Can the GOP Win Pennsylvania?
If Republicans are going to win the presidency next year, they’ll need to expand the electoral map that has dominated presidential politics in the 21st century. If the GOP won every state that George W. Bush won twice and either New Hampshire or Iowa, they would win 286 electoral votes, a bare electoral majority.
This scenario is unlikely since it includes swing states such as Ohio, Florida, Virginia, Colorado, Nevada, Iowa and New Hampshire. Losing just Nevada and Virginia would give Democrats a two-vote Electoral College majority. The Republican nominee must be competitive in states the GOP hasn’t won since 1988 — seven elections ago.
The best opportunities appear to be in Rust Belt states around the Great Lakes. The GOP vote skews heavily to older white voters and those states contain above average percentages of both. Perhaps no state holds as much promise as Pennsylvania.
The Keystone State has elected its share of Republicans. The junior senator is a Republican and the party holds 13 of 18 congressional seats. Republicans control both houses of the legislature and the state elects as many Republican as Democratic governors. Pennsylvania’s population is 84 percent white and has the fourth highest percentage of residents over 65. Wide parts of the state are rural and reliably Republican. The western area has remade itself with the discovery and development of the Marcellus Shale gas patch. Pictures of closed and shuttered steel mills document Pennsylvania’s past, not its future.
The Pennsylvania Democratic Party is in disarray. The controversy centers on former rising star and Attorney General Kathleen Kane, who faces charges of leaking confidential grand jury testimony, obstruction of justice and perjury. The Pennsylvania Supreme Court recently revoked her law license, making her the only state AG in the country unable to try her own department’s cases. Yet she has not ruled out a bid for re-election next year.
State Democrats are also reeling from corruption cases pursued against the former Democratic state treasurer, sitting members of the state House, and the recent corruption conviction of a Philadelphia congressman's son.
So, if the GOP is going to break its six-election presidential losing streak in Pennsylvania, this would be the year to do it. Yet, formidable obstacles remain before Republicans can claim its 20 key electoral votes. First is the party registration deficit. There are over 1 million more Democrats than Republicans in Pennsylvania, so an appeal to “turn out the base” will fall well short in this state.
Then there are the populous suburbs surrounding Philadelphia – Montgomery, Delaware, Bucks and Chester counties. Democrats will win Philadelphia and Pittsburgh overwhelmingly, Republicans will carry the rural areas in central Pennsylvania and do well in the western towns outside of Pittsburgh, but the huge shift that has made Pennsylvania reliably Democratic in presidential years has been the change in voting patterns in the Philadelphia suburbs. While the numbers of Democrats and Republicans are nearly equal, Republican registrants contain large blocs of younger, moderate voters as well as college-educated women.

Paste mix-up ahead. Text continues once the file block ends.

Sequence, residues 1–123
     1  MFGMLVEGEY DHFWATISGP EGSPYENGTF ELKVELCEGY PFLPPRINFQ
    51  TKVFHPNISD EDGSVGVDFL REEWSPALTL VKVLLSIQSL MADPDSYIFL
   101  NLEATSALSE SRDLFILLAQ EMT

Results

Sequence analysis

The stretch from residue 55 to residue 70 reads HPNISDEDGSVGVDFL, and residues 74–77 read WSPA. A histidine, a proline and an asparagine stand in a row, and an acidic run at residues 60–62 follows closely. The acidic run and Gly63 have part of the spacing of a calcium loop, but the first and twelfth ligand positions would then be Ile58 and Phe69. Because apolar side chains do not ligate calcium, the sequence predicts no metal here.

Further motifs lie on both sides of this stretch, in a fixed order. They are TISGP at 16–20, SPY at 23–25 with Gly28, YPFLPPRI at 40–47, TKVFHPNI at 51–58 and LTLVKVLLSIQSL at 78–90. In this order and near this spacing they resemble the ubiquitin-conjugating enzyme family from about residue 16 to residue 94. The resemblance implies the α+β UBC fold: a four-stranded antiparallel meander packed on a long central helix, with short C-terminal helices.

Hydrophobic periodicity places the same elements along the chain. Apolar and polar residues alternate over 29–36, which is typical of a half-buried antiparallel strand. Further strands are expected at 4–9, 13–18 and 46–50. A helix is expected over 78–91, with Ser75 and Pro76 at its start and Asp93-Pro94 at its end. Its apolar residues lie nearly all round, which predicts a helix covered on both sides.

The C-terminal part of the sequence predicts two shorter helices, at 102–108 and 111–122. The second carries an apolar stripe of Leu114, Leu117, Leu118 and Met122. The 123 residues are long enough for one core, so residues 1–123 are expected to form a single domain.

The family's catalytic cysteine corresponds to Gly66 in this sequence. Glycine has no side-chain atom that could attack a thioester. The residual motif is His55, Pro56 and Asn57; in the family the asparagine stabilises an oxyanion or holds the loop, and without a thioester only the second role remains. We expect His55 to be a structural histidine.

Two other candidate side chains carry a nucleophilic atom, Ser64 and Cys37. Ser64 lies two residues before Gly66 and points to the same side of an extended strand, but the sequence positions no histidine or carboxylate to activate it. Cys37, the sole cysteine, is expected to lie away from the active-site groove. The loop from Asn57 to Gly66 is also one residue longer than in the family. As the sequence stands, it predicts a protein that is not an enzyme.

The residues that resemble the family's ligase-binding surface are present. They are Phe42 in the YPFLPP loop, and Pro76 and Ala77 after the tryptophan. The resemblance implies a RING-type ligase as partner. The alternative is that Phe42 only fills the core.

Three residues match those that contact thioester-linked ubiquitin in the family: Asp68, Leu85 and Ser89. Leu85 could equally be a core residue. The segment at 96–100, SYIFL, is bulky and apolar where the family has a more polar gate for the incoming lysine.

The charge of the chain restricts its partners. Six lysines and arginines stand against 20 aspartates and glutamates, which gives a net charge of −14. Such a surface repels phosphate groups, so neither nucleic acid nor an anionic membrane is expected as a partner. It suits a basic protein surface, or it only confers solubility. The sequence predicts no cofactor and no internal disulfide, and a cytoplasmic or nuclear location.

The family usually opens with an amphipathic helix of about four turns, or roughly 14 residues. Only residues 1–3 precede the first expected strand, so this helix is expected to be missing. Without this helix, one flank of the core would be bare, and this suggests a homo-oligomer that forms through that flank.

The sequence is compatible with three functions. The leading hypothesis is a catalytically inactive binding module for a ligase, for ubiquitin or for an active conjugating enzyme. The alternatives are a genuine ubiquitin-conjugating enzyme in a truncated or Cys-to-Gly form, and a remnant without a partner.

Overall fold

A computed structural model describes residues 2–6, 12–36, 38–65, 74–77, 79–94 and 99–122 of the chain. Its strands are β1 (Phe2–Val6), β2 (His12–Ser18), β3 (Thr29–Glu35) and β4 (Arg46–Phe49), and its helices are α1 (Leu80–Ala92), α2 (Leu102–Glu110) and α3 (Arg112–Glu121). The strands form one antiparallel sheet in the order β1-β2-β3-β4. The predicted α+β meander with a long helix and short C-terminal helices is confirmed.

These voters can be targeted based on economic opportunity, but they are libertarian and tolerant on social policy. Two of the leading Republican candidates are misfits to appeal to these voters. Neither Donald Trump’s focus on white working-class resentment nor Ted Cruz’ caffeinated appeals to white evangelicals is likely to work. Republicans who have won statewide include reform-minded governors Tom Ridge and Tom Corbett, and current Sen. Pat Toomey. The last Republican to run a hard-right campaign emphasizing social issues was former Sen. Rick Santorum, who lost badly in 2006.
You can run the same analysis in other potential “blue to red” states such as Wisconsin and Michigan. The GOP will have to win a record number of older white voters, but they will also need to cut into the margins among young people, college-educated women and minorities.
The good news is that there is much to work with this time. Hillary Clinton scores historically low marks for truth and honesty among young voters. It will take a Herculean effort to turn out Obama-like numbers among minorities for her, not that the Democratic Party won’t try to raise the specter of racial division.
Worse still for Democrats, young voters, women and minorities have not benefited from the Obama administration’s economic policies. Young people face mounds of debt and bleak job prospects. Minorities and working women have been unable to climb the economic ladder because of low economic growth and scores of new regulations and taxes on business. Finally, concern about terrorism in America will make personal safety a voting issue in 2016.
There is no historical precedent for a party winning a third term while its incumbent president holds low job approval ratings. The GOP can seize this opportunity by nominating a candidate who can appeal beyond the Republican base to voters desperately searching for a new direction for the country and greater opportunity for themselves and their families.
That doesn’t mean de-emphasizing core values. Ronald Reagan successfully melded conservative appeals with positive messages to create coalitions of voters that had similar aspirations if not identical views. It’s still the best way to win a national election.
This story was updated at 3:54 p.m. to correct an error. A Philadelphia congressman's son, not the congressman himself, was convicted on tax fraud charges.